September 2, 2011

Tor: confidential, anonymous and secure Internet

WORDS BY   Mariano Cecowski

POSTED IN   internet | internet | debian | security | security | mobile | Android | debian | tor

You can’t see the latest series in Hulu because you are not in the USA? You need to keep the government (or anyone) from knowing what you do in the Internet and who you talk to? Are you trying to reach content that is censored in your country? Are you starting a revolution such as those recently in Tunisia, Egypt or Algeria?

Well, then probably you should know about Tor.



The Tor project has been around for several years for those sharing very sensitive information (for instance WikiLeaks informers), and to avoid government surveillance in general specially in countries who’s governments not only censorship the Internet but also control the electronic activity of their citizens. Tor creates a series of encrypted virtual tunnels that completely hide the information leaving or arriving at their computer. Not even what sites or people you are reaching! To the Internet, you have a foreign IP (usually in the US) and thus access to uncensored content, and all the communication between borders is handled securely encrypted. (see some other use cases).

But setting up a Tor client has never been necessarily simple. Starting daemon processes, configuring proxies, browsers,  etc.  is a process in which you can easily make a mistake if you are not an expert, which might lead you to big problems.

Don’t panic just yet: the guys at Tor came with two portable solutions for you!

With the Tor Browser Bundle and the Tor IM Browser Bundle you will be able to browse (and also Chat in the IM version) privately and securely using the Tor network with only one click.

The bundles are plain zip files that contain everything you need already configured (based on and you only need to start the bundle to automatically set up the Tor network and start using the bundled Browser (and Pidgin chat program in IM) on top of the Tor network, which greets you with a page confirming (or not) that you are secured.

The bundles contain Tor’s very useful Vidalia console, a modified version of FireFox 6, and a couple of FF add-ons such as HTTPS Everywhere and Torbutton. And, of course, Pidgin with the Off-the-Record extension in the IM version. You can unzip the bundle in your computer and start using it there, or even better, put it and use it from a portable flash drive!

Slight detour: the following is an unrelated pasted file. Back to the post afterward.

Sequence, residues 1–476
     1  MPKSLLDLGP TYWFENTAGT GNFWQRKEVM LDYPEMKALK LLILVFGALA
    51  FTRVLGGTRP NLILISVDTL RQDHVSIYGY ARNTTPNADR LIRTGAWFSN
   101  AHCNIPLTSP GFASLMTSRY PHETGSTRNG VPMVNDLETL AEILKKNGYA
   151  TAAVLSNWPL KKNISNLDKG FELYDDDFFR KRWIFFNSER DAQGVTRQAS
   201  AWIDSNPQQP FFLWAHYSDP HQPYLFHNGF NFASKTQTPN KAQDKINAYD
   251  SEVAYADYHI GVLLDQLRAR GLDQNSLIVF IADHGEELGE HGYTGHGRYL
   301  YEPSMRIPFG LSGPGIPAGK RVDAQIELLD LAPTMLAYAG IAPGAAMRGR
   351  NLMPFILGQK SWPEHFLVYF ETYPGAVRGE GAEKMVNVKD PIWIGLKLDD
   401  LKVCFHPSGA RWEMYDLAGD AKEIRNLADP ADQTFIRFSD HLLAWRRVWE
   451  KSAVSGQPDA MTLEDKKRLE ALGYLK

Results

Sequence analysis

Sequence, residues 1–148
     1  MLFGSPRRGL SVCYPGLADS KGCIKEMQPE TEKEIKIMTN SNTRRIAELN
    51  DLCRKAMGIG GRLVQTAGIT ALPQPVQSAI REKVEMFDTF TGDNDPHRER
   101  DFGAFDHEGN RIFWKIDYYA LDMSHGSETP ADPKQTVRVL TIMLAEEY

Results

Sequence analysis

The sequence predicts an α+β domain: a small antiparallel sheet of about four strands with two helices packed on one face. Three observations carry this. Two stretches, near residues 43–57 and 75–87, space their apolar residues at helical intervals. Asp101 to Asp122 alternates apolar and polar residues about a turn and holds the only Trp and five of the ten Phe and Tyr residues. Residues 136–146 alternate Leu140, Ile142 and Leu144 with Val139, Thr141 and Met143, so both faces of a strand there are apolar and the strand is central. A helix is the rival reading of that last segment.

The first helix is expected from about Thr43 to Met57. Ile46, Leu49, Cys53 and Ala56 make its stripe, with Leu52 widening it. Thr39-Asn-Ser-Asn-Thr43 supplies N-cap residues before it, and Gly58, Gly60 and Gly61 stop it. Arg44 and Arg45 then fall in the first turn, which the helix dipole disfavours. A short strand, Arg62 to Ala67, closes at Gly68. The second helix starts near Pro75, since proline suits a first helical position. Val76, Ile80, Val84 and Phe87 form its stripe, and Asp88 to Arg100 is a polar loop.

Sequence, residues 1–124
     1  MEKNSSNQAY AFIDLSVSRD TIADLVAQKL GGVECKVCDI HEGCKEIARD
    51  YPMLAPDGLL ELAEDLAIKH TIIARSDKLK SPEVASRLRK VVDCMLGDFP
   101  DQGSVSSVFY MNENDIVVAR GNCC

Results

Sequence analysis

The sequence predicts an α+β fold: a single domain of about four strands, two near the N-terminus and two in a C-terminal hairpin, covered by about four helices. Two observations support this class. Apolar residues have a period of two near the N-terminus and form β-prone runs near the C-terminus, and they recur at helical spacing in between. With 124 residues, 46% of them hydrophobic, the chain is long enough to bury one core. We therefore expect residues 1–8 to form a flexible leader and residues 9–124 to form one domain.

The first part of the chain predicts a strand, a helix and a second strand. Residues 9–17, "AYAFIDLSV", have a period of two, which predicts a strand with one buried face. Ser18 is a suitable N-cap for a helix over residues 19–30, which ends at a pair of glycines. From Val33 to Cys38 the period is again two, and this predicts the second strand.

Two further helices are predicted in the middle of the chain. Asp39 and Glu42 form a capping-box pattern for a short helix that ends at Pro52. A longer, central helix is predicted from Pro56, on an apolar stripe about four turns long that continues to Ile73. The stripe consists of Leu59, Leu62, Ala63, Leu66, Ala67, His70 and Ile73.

Vidalia Control Panel

Vidalia Control Panel

Another neat thing is that you can continue to use your normal connection in your normal browser/chat without interfering with the secured Tor counterparts. For those more paranoid (hey, if you don’t trust the network, why trust your computer? There are viruses and back-doors everywhere!) there’s also a LiveCD/LiveUSB version of Tor called Tails with which you can boot to Debian GNU/Linux with Tor already configured. The OS is set so that it won’t make use of the machine’s hard disk  (not even swap!) to avoid leaving any traces on that computer, and is a full Debian desktop distribution.

But wait, there’s more! So you’ve got that Android phone? Guess what.

Yeap; Orbot is the Android version of the Tor network. Once installed, you can choose which applications (or all) will make use of the Tor network, and that’s it.



So, even if the Tor network won’t help you if you get cut off the Internet, and the transfer speeds are certainly lower that your normal connections, you have several options and simple solutions to use the Internet in a truly anonymous, secure and private manner.

If you make use of Tor, thoroughly read this best practice warnings, avoid using Bittorrent on Tor, consider making a donation, and if you are using tor in your desktop computer, set it as a Tor relay: even as little as 20KB/s can help the Tor network to run fine for everyone.

Safe browsing!